End-of-life medical interventions: the use of advance directives beyond the "DNR"
The body of research regarding the use of advance directives is sizable, providing information on utilization patterns, financial implications, provider compliance with directives, efficacy of consultation programs, and beyond. The literature, however, sometimes groups advance directives together, failing to distinguish between specific end-of-life care decisions such as feeding restrictions, organ donation requests, or do-not-hospitalize orders. The purpose of this study is to analyze correlation between utilization of specific end-of-of life medical decisions and various demographic, medical, and lifestyle characteristics of individuals currently residing in nursing homes. The data are drawn from the 2004 National Nursing Home Survey, which includes 14,017 individual-level observations from 1,174 facilities. Two logit models were used: one including only time-invariant independent variables (gender, race, etc.), and a second with additional variables specific to an individual's nursing home condition (depression, number of prescription medications, etc.) The second model assumes that some individuals execute advance directives when they live in a nursing home, and circumstances regarding their condition at that time and the environment of the home influence those end-of-life decisions. The data do not include advance directive execution dates, so this model is highly speculative and results should be interpreted conservatively given this limitation. Overall, the breakdown of the advance directive category into its smaller subgroups was informative. Results varied within demographic, medical, and lifestyle characteristic categories based on the specific end-of-life medical decision. For example, while men have fewer do-not-hospitalize and do-not-resuscitate (DNR) orders than women, the genders are equally likely to have an organ donation or autopsy request report. While individuals who receive spiritual care are far more likely to have a DNR than those who did not receive spiritual care, they are less likely to have a feeding or medication restriction. I conclude that a given characteristic may have different effects on different types of end-of-life decisions.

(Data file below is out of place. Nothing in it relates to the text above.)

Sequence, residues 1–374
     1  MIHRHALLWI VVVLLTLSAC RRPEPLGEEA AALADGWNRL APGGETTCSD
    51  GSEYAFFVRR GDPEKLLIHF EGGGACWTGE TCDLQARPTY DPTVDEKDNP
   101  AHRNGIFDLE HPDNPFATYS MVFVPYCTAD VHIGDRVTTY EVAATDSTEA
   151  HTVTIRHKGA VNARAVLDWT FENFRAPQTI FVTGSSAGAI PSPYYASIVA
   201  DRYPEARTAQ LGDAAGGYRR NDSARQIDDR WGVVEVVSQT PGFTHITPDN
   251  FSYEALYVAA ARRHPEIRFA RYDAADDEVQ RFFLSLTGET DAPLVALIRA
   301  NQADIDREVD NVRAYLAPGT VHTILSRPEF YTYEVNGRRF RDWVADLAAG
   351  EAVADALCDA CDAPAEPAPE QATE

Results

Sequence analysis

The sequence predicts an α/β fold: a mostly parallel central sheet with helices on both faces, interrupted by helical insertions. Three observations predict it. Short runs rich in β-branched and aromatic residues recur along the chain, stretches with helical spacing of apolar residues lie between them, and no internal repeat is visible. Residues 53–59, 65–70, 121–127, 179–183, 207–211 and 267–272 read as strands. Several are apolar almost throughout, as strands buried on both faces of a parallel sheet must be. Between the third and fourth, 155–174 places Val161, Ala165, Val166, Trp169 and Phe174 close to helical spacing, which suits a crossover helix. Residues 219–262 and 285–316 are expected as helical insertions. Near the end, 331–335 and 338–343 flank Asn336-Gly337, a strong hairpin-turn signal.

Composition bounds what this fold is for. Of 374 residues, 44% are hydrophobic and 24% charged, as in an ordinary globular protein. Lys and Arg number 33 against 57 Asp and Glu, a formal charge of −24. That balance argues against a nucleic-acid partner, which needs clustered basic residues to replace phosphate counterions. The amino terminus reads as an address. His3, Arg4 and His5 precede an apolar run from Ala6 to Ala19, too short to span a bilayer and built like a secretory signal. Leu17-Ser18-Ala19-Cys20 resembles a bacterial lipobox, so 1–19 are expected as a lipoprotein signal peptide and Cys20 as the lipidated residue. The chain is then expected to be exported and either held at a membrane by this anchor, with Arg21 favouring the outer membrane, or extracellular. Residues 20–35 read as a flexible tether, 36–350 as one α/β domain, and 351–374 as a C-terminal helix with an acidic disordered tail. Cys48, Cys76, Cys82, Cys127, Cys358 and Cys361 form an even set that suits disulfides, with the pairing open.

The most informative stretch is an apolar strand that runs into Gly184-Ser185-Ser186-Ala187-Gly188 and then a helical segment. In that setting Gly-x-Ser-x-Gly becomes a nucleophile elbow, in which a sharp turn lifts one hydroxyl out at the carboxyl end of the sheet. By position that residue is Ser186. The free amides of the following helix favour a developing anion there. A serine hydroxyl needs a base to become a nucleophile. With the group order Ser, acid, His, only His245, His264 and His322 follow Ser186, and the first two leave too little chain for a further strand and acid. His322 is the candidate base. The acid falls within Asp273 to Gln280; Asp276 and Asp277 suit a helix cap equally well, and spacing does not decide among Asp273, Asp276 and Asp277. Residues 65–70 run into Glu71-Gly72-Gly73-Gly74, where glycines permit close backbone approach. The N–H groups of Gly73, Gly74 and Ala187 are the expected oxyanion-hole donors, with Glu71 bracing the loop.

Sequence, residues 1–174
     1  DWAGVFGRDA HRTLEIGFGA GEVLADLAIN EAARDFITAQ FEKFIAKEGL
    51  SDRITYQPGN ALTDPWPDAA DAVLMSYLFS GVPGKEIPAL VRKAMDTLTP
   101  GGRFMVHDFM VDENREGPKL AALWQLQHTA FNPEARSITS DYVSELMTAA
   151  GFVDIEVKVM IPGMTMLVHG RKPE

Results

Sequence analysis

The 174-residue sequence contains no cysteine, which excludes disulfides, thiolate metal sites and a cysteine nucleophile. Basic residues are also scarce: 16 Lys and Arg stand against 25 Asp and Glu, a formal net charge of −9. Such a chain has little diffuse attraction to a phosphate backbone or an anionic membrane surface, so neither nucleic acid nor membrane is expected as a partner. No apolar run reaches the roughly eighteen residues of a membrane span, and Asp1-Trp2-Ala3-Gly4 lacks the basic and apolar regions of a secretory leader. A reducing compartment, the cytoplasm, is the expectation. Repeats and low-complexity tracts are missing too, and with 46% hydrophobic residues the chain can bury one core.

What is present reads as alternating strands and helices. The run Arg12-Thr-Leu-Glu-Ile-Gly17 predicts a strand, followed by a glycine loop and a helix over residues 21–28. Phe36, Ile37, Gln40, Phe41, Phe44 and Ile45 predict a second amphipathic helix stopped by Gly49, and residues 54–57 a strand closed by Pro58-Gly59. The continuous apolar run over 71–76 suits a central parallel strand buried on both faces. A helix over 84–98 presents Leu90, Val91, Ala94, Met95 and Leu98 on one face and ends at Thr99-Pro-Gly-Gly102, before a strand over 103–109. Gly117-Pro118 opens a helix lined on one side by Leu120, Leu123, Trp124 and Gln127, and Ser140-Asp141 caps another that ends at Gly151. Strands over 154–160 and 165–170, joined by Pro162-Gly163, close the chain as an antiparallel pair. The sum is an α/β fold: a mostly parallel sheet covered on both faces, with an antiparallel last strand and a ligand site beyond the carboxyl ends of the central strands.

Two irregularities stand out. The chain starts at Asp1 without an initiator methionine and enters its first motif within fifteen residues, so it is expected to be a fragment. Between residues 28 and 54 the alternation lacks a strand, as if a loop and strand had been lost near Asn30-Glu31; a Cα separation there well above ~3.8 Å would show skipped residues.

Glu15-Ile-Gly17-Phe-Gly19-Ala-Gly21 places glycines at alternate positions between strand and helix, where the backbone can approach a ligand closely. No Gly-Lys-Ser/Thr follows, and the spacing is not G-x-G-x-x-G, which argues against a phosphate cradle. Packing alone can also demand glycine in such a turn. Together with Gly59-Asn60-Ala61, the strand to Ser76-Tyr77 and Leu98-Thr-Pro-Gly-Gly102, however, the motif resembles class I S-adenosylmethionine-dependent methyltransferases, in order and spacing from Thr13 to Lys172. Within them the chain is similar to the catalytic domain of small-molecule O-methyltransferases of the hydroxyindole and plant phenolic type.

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Advance Directives: Assisting Patients With End-of-Life Decisions Advance Directives: Making Informed End-of-Life Decisions Unknown author (1996)"Talking with patients about the dying process and the use of life-sustaining technology can be emotionally challenging for all concerned. Helping patients to participate in planning for future health care crises, including ...